A federal office in Washington issued a report Tuesday guiding would-be natural gas producers on the North Slope how to navigate federal regulations.
Larry Persily is the Federal Coordinator for the Alaska Natural Gas Pipeline and authored the report. He called it a tool for any company that, in the future, chooses to pursue a pipeline – regardless of its destination.
“Whether you build a pipeline from the North Slope to the Canadian border to serve North American markets, or you build a pipeline from the North Slope to tidewater in Valdez or Kenai somewhere, to serve Asian markets. All these environmental permitting issues are going to be the same,” Persily said.
The report examines a whole host of permitting issues, from clean water and air regulations, to possible dredging sites for dock expansion.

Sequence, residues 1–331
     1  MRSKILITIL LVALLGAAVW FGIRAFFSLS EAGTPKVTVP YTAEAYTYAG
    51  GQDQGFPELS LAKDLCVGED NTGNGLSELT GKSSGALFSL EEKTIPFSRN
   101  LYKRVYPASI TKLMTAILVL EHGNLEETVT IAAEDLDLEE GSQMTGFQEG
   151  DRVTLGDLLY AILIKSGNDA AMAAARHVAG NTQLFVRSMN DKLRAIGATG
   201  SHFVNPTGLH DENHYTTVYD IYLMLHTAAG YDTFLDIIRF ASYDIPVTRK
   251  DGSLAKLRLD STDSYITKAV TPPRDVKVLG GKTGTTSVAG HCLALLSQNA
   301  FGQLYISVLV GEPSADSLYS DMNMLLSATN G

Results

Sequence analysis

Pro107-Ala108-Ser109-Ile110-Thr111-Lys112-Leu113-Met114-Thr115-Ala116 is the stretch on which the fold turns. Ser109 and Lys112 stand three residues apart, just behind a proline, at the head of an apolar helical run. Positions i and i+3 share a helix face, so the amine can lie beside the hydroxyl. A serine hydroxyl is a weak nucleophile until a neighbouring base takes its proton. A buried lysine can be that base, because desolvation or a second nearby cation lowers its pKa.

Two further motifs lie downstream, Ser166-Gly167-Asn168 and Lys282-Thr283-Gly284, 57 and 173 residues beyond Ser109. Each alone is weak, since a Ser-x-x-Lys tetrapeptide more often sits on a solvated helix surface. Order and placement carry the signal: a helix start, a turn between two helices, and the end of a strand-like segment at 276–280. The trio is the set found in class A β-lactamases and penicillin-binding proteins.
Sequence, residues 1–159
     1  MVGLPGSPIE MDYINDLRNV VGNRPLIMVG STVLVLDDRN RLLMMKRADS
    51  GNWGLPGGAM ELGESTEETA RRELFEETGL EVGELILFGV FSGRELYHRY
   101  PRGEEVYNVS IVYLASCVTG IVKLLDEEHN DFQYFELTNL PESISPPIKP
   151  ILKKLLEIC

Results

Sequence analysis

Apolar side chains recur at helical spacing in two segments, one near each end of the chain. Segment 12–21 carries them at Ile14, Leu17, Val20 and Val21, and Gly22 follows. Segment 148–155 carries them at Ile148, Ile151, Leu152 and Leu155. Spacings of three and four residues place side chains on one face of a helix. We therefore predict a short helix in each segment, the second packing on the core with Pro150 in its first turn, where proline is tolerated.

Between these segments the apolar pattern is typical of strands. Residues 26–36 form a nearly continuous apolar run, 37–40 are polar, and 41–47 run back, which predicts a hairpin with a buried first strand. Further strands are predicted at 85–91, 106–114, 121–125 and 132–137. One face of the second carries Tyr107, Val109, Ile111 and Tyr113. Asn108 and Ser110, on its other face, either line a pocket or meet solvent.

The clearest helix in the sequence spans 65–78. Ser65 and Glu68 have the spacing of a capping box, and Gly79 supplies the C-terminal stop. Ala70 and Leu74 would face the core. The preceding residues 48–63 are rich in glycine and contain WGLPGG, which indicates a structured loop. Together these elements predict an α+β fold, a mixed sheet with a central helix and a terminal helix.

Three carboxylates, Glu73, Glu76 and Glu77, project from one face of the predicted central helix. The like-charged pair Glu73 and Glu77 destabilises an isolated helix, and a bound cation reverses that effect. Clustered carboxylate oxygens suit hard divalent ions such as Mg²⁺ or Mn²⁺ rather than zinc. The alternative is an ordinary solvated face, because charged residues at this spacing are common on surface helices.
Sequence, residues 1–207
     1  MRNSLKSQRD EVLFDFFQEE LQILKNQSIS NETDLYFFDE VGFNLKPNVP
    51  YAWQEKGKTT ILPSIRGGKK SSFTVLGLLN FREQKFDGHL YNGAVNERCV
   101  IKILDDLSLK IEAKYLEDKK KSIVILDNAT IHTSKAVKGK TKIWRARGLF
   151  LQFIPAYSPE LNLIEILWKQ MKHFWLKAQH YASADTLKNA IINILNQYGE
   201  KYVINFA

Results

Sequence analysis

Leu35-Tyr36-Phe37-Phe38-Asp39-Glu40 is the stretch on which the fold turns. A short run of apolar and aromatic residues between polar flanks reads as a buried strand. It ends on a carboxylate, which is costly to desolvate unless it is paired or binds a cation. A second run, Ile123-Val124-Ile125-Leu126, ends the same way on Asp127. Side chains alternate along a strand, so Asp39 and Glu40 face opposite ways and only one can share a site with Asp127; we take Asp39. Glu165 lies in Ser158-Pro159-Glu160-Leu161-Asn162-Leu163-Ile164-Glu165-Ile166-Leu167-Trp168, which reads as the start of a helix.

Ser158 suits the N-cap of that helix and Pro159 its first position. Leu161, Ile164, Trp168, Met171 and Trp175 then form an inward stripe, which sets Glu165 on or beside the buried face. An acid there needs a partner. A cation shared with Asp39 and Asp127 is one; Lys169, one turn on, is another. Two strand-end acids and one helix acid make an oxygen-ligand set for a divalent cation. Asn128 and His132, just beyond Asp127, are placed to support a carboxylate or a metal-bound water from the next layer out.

And it recommends potential pipeline applicants survey the Native communities once they select a route, because the company will need to abide by government-to-government requirements.
“The Federal Energy Regulatory Commission wants to know who lives out there, how much they depend on what resources; be it fish, fowl, caribou, whatever. Where are the hunting grounds? What seasons? Those are things you’ve got to know, so you can build a project without hurting someone else along the way,” Persily said.
Of course, the real barrier to a pipeline is not environmental regulation. It’s the global market for natural gas. Persily says there won’t be any pipeline until companies see the $40 billion one would cost as a sound investment.